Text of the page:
Falling in

Sep. 11th, 2017 09:55 am
rebeccmeister: (1x)
[personal profile] rebeccmeister
[personal profile] scrottie and I took an Introduction to Sea Kayaking class yesterday. When the instructor had us go around and say why we were there, S said it was because he has taken up sailing and I'm not interested in sailing.

We spent the morning going over the same paddle strokes as in the first class, but the review was useful. We also learned about the high brace and the low brace. I think I need to watch some videos to get a better understanding of the "hip-snap" and how to move my body to rebalance a kayak. Along with that, I learned that secondary stability is often more important than primary stability. Primary stability is how things feel when you're trying to sit level, while secondary stability can be experienced while the kayak is more up on edge and on the verge of tipping over. There are lots of interesting details to kayak hull shape. And it turns out that the deck lines on top of a kayak aren't simply decorative. Good to know for the sake of future kayak shopping.

Then we spent the afternoon learning how to self-rescue and partner rescue. That was awesome. It wound up being a somewhat warm day, so flipping the kayaks to go in the water felt great and relaxing. Climbing back in wasn't all that hard, either. We learned about these things called "paddle floats," which you slip onto the end of a paddle, and then you can use the paddle as an outrigger/brace to stabilize the kayak while you climb back in.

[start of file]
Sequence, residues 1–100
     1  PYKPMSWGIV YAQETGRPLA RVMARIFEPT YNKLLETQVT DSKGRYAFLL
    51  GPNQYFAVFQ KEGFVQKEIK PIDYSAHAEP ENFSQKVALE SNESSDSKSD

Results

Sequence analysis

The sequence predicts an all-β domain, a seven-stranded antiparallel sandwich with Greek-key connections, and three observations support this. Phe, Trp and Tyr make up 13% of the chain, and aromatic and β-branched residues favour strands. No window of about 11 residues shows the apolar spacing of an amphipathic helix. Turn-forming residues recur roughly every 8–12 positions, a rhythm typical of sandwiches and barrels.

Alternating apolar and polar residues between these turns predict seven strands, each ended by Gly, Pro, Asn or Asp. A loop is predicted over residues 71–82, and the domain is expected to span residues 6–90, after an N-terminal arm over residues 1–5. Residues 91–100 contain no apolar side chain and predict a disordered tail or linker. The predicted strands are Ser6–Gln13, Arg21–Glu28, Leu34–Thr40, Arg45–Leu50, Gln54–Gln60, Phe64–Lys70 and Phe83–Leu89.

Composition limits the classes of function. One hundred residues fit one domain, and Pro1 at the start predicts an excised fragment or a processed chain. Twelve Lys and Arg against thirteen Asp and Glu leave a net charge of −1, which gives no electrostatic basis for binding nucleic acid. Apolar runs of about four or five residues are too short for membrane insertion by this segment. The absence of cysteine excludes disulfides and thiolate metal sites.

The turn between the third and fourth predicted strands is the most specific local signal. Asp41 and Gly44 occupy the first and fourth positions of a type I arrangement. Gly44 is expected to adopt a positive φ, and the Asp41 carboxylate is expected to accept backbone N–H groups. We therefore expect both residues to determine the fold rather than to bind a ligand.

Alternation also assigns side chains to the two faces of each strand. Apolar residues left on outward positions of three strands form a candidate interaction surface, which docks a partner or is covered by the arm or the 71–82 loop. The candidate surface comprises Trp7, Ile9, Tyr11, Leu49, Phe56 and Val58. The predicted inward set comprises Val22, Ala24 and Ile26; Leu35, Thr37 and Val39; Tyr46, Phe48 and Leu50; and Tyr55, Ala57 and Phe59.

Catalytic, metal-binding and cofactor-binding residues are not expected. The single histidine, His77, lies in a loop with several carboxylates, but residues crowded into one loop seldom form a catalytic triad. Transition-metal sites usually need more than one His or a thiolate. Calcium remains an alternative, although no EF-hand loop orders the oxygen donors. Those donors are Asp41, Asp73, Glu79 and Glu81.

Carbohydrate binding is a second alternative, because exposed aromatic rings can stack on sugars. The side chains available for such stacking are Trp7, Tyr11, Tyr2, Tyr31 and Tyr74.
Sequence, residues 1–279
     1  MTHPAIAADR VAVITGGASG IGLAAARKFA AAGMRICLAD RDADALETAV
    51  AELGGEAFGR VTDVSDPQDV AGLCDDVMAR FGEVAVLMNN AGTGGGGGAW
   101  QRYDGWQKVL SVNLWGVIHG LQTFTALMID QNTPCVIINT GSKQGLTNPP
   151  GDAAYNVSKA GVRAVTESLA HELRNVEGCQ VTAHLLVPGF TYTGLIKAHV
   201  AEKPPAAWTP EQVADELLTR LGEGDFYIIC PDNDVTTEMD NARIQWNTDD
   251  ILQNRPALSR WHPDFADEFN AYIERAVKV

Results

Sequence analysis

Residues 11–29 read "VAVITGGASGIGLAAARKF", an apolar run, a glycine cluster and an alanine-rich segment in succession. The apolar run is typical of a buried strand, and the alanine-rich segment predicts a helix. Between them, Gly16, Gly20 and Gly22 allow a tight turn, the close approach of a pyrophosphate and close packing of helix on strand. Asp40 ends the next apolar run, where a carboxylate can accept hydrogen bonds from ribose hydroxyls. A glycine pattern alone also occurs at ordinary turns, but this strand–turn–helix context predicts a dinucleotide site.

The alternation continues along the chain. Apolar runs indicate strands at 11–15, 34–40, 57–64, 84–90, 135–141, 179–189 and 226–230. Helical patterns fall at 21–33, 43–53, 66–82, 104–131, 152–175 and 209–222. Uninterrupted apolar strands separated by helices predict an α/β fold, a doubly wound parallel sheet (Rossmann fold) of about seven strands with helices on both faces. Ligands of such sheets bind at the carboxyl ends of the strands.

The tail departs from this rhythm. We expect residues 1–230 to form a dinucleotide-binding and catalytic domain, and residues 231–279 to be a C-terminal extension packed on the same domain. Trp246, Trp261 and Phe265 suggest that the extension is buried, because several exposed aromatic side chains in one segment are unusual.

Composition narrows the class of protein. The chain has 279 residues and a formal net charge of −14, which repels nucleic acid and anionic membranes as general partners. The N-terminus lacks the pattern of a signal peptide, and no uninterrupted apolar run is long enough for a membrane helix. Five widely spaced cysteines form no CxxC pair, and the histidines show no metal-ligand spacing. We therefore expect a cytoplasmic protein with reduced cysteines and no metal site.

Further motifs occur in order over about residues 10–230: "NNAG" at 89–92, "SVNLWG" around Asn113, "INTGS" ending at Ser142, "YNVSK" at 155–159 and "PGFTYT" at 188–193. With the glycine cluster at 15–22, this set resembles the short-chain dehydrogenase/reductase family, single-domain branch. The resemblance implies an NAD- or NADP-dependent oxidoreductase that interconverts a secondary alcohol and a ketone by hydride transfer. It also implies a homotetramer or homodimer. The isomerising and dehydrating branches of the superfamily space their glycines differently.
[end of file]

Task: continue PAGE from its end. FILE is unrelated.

So now we're certified to go kayaking in calm coastal waters. The instructor suggests that we next look into a tides and currents class, and it looks like there are a couple more classes that would be useful for the sake of longer-term safety and comfort in more interesting water conditions.

Date: 2017-09-12 03:47 am (UTC)
randomdreams: riding up mini slickrock (Default)
From: [personal profile] randomdreams
I love sea kayaking but I never got any emergency preparedness courses like that and now I wish I had.

Date: 2017-09-13 12:42 am (UTC)
randomdreams: riding up mini slickrock (Default)
From: [personal profile] randomdreams
I've thought about river/whitewater kayaking, but I've known too many people who have died doing that.

Date: 2017-09-18 03:10 pm (UTC)
ivy: Two strands of ivy against a red wall (Default)
From: [personal profile] ivy
This sounds like something I should have done before trying sea kayaking, heh. Zero formal education, just "here's a boat, go!" In fairness, that was how my intro to whitewater kayaking went also, and I did later go read some books about it on my own, but I still feel vastly more comfortable in whitewater than I do sea kayaking. (Screw up in whitewater, and dying is probably a couple minutes max. That seems easier to me than getting swept out to sea.)

Do you need a certification to go sea kayaking where you are?

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